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A one-pot synthesis of reduced graphene oxide-Cu?S quantum dot hybrids for optoelectronic devices.
Nanoscale
PUBLISHED: 08-01-2013
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We demonstrate a facile one-pot approach for the synthesis of reduced graphene oxide (rGO)-cuprous sulfide quantum dot (Cu?S QD) hybrids, wherein the reduction of GO and the growth of Cu?S QDs on graphene occur simultaneously. The as-synthesized rGO-Cu?S QD hybrids exhibit an excellent photoelectric response and efficient electron transfer from the Cu?S QDs to the rGO sheets.
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Charge-based detection of small molecules by plasmonic-based electrochemical impedance microscopy.
Anal. Chem.
PUBLISHED: 07-03-2013
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Charge-based detection of small molecules is demonstrated by plasmonic-based electrochemical impedance microscopy (P-EIM). The dependence of surface plasmon resonance (SPR) on surface charge density is used to detect small molecules (60-120 Da) printed on a dextran-modified sensor surface. Local variations in charge density on an electrode surface are manifest in an optical SPR signal. The SPR response to an applied ac potential measures the sensor surface impedance which is a function of the surface charge density. This optical signal is comprised of a dc and an ac component, and is measured with high spatial resolution. The dc element of the SPR signal represents conventional SPR imaging information. The amplitude and phase of local surface impedance is provided by the ac component. The phase signal of the small molecules is a function of their charge status, which is manipulated by the pH of a solution. Small molecules with positive, neutral, and negative charge are detected by P-EIM. This technique is used to detect and distinguish small molecules based on their charge status, thereby circumventing the mass limitation (~100 Da) of conventional SPR measurement.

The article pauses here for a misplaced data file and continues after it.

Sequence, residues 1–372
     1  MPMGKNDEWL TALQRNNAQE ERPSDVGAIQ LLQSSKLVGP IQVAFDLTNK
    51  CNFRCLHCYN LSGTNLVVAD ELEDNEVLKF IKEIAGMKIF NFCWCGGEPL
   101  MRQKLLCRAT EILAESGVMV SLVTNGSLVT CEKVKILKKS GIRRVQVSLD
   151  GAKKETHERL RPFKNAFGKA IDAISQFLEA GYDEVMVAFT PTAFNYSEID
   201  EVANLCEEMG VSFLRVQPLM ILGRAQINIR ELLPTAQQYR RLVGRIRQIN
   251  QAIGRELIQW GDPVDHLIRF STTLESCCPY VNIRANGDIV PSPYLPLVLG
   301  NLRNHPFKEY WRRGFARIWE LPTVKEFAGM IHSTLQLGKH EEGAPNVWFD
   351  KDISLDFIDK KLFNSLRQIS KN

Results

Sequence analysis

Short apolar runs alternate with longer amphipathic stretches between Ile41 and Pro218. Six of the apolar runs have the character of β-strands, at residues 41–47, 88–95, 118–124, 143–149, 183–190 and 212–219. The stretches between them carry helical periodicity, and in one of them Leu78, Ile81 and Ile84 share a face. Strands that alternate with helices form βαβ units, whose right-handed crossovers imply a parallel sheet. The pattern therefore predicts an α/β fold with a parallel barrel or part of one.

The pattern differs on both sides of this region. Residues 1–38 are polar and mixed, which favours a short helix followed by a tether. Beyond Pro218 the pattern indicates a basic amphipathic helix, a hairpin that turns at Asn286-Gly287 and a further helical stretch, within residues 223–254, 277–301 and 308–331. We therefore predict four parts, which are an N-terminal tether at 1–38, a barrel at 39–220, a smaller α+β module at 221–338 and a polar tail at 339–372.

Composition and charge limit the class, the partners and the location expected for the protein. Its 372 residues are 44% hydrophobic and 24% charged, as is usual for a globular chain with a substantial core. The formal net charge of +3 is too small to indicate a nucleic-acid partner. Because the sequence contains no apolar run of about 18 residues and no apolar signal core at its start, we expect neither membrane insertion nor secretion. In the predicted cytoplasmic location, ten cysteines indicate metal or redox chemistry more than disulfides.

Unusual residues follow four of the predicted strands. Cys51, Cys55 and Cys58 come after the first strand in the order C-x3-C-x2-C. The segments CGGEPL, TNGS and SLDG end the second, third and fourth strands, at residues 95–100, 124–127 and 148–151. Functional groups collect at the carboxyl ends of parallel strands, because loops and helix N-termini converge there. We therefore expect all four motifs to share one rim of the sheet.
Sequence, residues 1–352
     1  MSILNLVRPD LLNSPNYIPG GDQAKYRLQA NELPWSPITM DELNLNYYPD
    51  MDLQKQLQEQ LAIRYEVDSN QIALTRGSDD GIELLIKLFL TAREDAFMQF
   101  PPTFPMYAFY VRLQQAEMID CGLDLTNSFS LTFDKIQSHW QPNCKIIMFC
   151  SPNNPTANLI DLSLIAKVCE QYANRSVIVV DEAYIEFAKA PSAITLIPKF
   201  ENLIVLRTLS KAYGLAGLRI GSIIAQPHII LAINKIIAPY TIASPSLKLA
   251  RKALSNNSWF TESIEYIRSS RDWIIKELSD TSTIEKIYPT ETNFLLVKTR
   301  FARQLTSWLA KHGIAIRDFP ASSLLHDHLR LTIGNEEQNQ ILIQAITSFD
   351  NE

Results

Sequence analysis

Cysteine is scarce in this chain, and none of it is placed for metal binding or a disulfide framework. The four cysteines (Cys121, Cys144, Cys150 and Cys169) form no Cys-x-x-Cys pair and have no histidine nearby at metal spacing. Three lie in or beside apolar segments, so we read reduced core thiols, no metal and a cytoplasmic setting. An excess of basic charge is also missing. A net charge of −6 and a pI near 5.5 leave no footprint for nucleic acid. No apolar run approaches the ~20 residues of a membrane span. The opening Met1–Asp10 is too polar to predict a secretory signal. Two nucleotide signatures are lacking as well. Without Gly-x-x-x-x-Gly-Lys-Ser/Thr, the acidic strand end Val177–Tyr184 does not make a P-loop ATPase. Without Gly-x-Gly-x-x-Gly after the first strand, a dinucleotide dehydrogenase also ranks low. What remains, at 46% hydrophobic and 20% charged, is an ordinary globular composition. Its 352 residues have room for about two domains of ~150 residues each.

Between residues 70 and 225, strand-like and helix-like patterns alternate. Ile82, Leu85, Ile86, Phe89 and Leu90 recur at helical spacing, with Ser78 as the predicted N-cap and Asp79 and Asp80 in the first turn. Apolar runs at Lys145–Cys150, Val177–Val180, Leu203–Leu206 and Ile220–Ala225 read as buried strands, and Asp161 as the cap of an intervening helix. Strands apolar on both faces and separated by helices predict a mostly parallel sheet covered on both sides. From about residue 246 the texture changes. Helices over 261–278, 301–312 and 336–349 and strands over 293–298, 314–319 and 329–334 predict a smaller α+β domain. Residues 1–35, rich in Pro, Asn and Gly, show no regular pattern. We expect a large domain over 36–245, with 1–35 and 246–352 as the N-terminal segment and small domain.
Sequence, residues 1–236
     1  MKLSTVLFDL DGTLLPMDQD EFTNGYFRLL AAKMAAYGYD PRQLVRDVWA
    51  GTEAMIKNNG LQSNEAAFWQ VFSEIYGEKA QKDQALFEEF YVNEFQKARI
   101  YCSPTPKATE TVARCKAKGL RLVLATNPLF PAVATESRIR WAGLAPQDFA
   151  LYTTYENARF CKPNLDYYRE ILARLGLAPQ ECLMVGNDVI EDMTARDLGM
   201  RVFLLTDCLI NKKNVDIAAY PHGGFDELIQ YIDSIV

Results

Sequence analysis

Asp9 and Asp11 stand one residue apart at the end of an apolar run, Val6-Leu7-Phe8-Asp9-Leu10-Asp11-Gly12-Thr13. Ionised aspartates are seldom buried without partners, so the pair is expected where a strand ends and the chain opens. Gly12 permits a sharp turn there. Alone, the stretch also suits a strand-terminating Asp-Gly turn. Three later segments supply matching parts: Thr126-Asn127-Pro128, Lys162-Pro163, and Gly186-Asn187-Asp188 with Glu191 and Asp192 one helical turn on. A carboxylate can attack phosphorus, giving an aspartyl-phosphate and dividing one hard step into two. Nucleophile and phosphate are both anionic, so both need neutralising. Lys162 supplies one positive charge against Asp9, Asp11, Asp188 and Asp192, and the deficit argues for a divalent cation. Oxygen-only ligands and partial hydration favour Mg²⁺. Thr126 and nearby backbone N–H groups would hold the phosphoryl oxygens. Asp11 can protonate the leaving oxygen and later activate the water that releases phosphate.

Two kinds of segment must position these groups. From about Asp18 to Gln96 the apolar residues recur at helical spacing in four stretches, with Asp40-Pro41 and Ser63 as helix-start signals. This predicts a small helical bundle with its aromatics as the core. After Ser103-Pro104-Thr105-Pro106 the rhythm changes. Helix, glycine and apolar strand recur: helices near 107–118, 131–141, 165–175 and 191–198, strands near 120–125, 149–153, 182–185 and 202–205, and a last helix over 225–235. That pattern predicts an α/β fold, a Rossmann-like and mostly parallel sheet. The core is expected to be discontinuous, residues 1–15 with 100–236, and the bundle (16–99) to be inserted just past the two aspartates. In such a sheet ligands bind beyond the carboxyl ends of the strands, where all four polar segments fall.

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Effective elimination of cancer stem cells by a novel drug combination strategy.
Stem Cells
PUBLISHED: 06-26-2013
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Development of effective therapeutic strategies to eliminate cancer stem cells, which play a major role in drug resistance and disease recurrence, is critical to improve cancer treatment outcomes. Our study showed that glioblastoma stem cells (GSCs) exhibited low mitochondrial respiration and high glycolytic activity. These GSCs were highly resistant to standard drugs such as carmustine and temozolomide (TMZ), but showed high sensitivity to a glycolytic inhibitor 3-bromo-2-oxopropionate-1-propyl ester (3-BrOP), especially under hypoxic conditions. We further showed that combination of 3-BrOP with carmustine but not with TMZ achieved a striking synergistic effect and effectively killed GSCs through a rapid depletion of cellular ATP and inhibition of carmustine-induced DNA repair. This drug combination significantly impaired the sphere-forming ability of GSCs in vitro and tumor formation in vivo, leading to increase in the overall survival of mice bearing orthotopic inoculation of GSCs. Further mechanistic study showed that 3-BrOP and carmustine inhibited glyceraldehyde-3-phosphate dehydrogenase and caused a severe energy crisis in GSCs. Our study suggests that GSCs are highly glycolytic and that certain drug combination strategies can be used to effectively overcome their drug resistance based on their metabolic properties.
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Nutritional risk screening and its clinical significance in hospitalized children.
Clin Nutr
PUBLISHED: 06-14-2013
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To analyse nutritional risk in hospitalized children and its relationship with clinical outcomes to provide evidence for improved nutritional management.
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Strength and fracture behavior of graphene grain boundaries: effects of temperature, inflection, and symmetry from molecular dynamics.
Phys Chem Chem Phys
PUBLISHED: 06-14-2013
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We present a molecular dynamic simulation on the mechanical strength and fracture behavior of graphene grain boundaries (GBs). The intrinsic strength, critical failure strain, and failure mechanism of graphene GBs mainly rely on the temperature and inflection angle, whereas the Youngs modulus does not vary significantly with either temperature or boundary configuration. The overall intrinsic strengths of inflected GBs can be correlated with infection angle by a linear term, which is irrelevant to the system temperature. The initial failure sites of GBs locate either on the boundary line or inside the domain at high temperature.
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Association between adverse clinical outcome in human disease caused by novel influenza A H7N9 virus and sustained viral shedding and emergence of antiviral resistance.
Lancet
PUBLISHED: 05-29-2013
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On March 30, a novel influenza A subtype H7N9 virus (A/H7N9) was detected in patients with severe respiratory disease in eastern China. Virological factors associated with a poor clinical outcome for this virus remain unclear. We quantified the viral load and analysed antiviral resistance mutations in specimens from patients with A/H7N9.